The assassination of the 54-year-old political activist and lawyer Abdelsalam al-Mismari with a bullet to the heart has seen the most violent reactions in Libya to such an event since the assassination of Major General Abdul Fatah Younis in July 2011.

The assassination of the 54-year-old political activist and lawyer Abdelsalam al-Mismari with a bullet to the heart has seen the most violent reactions in Libya to such an event since the assassination of Major General Abdul Fatah Younis in July 2011.

Although Mismari’s death was part of a series of assassinations that started months back in eastern Libya, claiming the lives of dozens of senior army and police officers, it was an obvious escalation by the culprits since for the first time it targeted a civilian who had never carried a weapon and had only fought his enemies with his pen and tongue.

Enemy of Muslim Brotherhood

Mismari was a man with clear and firm positions on issues of interest to public opinion in Libya. He was known for his strong opposition to the passage of the Political Isolation Law. He was beaten in Benghazi after a television interview on Al-Arabiya, in which he described the Political Isolation Coordination Committee as “a tool for a coup against legitimacy.”

He was also an outspoken opponent of the policies of the Muslim Brotherhood, whom he described in his last statement posted on his Facebook page as “agents and immature politicians.”
This statement occurred in the context of his objection to a released statement signed by 35 General National Congress (GNC) members, mostly from the Brotherhood, who objected to the so-called ‘military coup in Egypt,’ and expressed solidarity with the pro-Morsi supporters who staged a sit-in in Cairo to demand his return to power.

Accelerating events

Further assassinations followed Mismari’s, in which three colonels were killed less than 24 hours later; two on the same day, and one on the following morning in Benghazi. The assassinations brought crowds of youthful protesters back onto the streets.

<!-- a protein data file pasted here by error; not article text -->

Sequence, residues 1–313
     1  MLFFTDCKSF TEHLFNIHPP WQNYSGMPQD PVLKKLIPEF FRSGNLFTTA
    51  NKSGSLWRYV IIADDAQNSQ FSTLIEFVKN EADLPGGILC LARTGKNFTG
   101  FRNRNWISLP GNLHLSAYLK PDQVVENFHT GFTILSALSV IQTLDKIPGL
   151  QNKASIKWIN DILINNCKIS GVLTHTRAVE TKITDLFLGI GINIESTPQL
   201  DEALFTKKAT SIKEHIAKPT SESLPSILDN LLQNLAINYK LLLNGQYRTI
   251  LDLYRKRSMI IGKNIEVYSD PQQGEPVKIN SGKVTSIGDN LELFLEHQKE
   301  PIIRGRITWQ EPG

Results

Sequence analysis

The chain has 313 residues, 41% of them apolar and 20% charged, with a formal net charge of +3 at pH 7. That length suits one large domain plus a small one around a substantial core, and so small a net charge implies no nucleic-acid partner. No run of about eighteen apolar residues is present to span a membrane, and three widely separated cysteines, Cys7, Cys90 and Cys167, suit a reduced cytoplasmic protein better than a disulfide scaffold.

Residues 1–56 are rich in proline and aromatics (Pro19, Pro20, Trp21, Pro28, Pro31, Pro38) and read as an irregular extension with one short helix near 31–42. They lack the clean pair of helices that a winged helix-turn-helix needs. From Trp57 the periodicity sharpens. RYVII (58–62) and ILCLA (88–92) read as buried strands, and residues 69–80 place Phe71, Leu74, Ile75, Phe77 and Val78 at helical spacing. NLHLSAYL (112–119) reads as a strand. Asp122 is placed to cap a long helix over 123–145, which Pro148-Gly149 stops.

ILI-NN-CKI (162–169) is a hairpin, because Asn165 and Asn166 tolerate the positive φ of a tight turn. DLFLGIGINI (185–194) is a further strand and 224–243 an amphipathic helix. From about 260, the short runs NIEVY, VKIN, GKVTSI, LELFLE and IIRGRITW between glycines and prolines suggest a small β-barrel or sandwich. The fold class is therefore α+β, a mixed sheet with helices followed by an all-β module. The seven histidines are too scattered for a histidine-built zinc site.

Protests were staged on Friday evening in most Libyan cities, denouncing the Brotherhood and demanding dissolution of political parties, pending the passage of a party law. Demonstrators also demanded the dissolution of the government and the armed militias, and the formation of a national salvation government and national army and police to protect citizens.

In Benghazi on Saturday, unidentified men also stormed into Kweffiyeh Prison and released more than 1,000 prisoners held on charges of theft, murder and even some prisoners on death row. The incident coincided with the arrival in the city of the ministers of justice and of the the minister of interior affairs to evaluate the deteriorating security situation.

In a press conference on Saturday, Prime Minister Ali Zeidan announced his intention to make a cabinet reshuffle. He also announced that Libya sought the assistance of a specialized international forensic team due to arrive within two days, to investigate Mismari’s assassination.

Among the actions taken by the government, said Zeidan, were orders to close the land border points with Egypt, allowing the passage of goods only, to prevent fleeing prisoners from crossing into the territory of Libya’s eastern neighbour. He also explained that the Libyan authorities planned to send Egypt a list of wanted men for extradition to Libya.

List of targeted journalists published

In the meantime, an anonymous site published tens of names of journalists and political targeted activists, and then posted an additional list a few days later, including journalist Areesh Saeed.

Saeed later stressed that the lists “are not real,” because some names featured are people who “have done nothing to deserve a death threat or pursuit by death traders.”
Saeed however believes that these threats “should be taken seriously,” since those who carry out assassinations are not deterred by any moral or religious restraints.

Fear and violence returned to the streets following the assassinations all the same. Last Sunday a huge bomb targeted North Benghazi Court – site of the start of the revolution– resulting in a number of injuries and causing huge damages to the building.